During a podcast appearance earlier this month, Steve Bannon called Musk “a total and complete phony” and “owned lock, stock, and barrel by the Chinese Communist Party” for allegedly blocking anti-CCP accounts from Twitter.
When Musk inadvertently angered China by lending credence to the lab leak theory of COVID-19’s origins, CCP propaganda outlets issued a warning to him not to engage with such content lest he upset his governmental benefactors:
With this context in mind, I asked around the Hill for perspectives on Musk’s business entanglements with and apparent obsequiousness toward the Chinese.
Kentucky Rep. Andy Barr, a Republican on the China committee, told me “the default rule should always be that we are open for trade for cross-border capital flows,” but added the caveat that there should also be a serious “decoupling.”
“The decoupling that needs to happen needs to be strategic, targeted, and focused on national security,” he said. “We should not be decoupling across the board; we should be decoupling very strategically, in a very targeted way, and not in a way that actually undermines the economic prosperity of American businesses. OK, so my view might be a little different than other members of the select committee.”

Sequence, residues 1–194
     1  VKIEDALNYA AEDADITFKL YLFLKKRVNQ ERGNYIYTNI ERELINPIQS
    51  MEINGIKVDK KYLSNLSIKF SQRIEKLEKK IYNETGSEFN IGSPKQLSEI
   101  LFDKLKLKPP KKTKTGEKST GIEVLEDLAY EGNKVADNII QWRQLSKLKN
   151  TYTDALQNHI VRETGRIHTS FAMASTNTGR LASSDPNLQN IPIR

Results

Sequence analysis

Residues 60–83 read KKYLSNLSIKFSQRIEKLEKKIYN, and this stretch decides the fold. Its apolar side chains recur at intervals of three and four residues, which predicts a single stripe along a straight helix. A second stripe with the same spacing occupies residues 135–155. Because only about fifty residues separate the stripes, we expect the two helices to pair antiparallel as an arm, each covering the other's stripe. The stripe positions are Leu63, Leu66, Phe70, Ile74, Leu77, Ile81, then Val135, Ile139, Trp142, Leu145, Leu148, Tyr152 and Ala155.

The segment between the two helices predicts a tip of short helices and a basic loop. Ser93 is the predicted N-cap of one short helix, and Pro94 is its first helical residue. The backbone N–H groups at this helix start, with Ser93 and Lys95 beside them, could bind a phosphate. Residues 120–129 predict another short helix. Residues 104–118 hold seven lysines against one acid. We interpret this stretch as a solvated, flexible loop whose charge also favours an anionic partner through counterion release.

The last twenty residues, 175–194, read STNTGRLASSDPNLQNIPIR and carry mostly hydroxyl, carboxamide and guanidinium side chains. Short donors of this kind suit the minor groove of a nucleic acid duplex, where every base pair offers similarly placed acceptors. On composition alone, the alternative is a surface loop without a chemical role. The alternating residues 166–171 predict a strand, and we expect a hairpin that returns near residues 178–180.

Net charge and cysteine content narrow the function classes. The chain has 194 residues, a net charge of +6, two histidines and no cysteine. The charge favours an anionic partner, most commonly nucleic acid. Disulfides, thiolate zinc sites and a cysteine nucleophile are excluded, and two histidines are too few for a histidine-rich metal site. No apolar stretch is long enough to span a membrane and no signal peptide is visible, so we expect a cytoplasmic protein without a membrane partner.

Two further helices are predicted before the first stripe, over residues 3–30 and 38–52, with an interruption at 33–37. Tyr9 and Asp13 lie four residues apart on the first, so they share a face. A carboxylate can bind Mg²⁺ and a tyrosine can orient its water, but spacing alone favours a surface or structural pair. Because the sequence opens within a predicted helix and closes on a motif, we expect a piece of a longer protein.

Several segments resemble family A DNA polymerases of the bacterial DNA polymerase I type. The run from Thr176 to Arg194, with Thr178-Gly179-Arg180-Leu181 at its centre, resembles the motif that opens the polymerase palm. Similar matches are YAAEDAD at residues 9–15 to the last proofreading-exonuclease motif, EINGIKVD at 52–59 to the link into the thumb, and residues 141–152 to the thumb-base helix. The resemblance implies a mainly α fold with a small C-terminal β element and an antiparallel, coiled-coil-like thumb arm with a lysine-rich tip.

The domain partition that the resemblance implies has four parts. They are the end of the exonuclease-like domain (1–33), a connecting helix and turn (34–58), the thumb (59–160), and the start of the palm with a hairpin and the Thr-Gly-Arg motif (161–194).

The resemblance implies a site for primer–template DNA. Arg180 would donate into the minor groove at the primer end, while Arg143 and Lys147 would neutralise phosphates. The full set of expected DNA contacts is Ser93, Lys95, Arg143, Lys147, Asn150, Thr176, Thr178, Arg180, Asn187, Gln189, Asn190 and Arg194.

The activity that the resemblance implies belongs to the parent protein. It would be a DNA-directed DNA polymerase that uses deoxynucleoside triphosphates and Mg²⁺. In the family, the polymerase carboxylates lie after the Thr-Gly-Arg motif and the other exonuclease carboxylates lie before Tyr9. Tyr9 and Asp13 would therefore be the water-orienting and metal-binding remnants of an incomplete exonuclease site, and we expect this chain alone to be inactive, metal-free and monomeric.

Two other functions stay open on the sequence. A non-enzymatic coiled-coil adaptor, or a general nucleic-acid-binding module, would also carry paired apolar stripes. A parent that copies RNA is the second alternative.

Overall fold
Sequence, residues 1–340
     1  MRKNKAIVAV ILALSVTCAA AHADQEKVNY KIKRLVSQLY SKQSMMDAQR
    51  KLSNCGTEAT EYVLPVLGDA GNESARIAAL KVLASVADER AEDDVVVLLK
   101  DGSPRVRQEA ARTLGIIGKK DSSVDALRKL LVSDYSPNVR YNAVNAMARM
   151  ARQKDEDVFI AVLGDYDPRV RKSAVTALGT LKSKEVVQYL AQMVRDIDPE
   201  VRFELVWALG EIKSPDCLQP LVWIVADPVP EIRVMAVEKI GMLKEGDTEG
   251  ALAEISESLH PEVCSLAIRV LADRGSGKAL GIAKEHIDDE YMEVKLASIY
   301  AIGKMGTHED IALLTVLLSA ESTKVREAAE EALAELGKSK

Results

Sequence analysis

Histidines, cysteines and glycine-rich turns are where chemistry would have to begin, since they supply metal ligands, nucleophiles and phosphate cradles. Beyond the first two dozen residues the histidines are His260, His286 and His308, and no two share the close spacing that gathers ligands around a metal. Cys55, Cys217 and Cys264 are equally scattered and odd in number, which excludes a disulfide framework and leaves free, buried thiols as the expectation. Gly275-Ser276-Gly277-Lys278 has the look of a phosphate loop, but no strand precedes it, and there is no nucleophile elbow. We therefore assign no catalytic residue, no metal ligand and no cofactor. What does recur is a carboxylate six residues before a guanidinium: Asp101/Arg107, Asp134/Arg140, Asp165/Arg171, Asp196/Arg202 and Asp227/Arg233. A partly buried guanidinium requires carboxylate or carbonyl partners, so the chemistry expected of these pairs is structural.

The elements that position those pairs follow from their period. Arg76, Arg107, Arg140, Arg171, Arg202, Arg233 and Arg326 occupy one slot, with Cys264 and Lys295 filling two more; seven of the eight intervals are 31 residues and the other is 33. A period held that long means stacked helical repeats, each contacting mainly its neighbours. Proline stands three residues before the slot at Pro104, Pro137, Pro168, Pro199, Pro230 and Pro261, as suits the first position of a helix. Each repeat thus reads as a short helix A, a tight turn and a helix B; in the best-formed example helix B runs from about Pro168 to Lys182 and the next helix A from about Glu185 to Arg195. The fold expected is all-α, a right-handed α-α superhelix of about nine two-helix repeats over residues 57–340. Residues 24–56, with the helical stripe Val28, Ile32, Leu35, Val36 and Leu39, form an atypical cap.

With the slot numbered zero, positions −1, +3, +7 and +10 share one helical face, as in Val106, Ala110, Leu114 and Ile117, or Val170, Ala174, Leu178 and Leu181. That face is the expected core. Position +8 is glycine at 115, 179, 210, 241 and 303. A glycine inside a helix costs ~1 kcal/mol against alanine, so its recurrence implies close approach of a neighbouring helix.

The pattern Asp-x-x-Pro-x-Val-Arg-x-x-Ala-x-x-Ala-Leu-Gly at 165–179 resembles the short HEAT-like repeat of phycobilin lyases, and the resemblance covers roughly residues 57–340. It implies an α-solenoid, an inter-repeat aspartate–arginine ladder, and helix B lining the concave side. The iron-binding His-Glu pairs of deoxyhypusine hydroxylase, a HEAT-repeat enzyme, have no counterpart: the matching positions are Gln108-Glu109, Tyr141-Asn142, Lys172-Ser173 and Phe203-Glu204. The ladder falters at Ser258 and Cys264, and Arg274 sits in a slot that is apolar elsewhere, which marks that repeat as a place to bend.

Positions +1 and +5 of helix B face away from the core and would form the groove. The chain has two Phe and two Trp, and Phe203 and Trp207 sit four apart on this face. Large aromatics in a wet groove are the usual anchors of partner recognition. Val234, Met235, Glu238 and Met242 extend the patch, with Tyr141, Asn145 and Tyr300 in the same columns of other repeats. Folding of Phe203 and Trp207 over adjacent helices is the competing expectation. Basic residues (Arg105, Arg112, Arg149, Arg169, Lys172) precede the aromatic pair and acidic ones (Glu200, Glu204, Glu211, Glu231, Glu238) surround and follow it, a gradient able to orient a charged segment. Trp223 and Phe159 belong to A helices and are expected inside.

Barr added that the business done by companies operating in Xinjiang is in a separate category from the rest of U.S.-China trade relations.
“Now, that’s not to say, you know, Nike or some other companies should be sourcing from slave labor,” Barr said. “Or a solar company should not be sourcing from slave labor in Xinjiang. . . . Human rights matters matter as well. But Kentucky bourbon exports into mainland China [don’t] hurt American national security.”
Rep. Dan Newhouse of Washington, also a Republican, told me the United States cannot afford to be reliant on China for electric vehicle materials such as lithium (Musk inked a deal with Chinese lithium producer Ganfeng Lithium in 2021).
“If the United States wants a clean energy future, we’ve got to be able to be more reliant on domestic sources for some of these critical minerals that are in these cars,” said Newhouse, who serves on the Appropriations Committee’s homeland security subcommittee. “And being dependent on China for a lot of these things puts us, I think, in a very precarious position strategically. So we’re going to be looking at all those kinds of relationships.”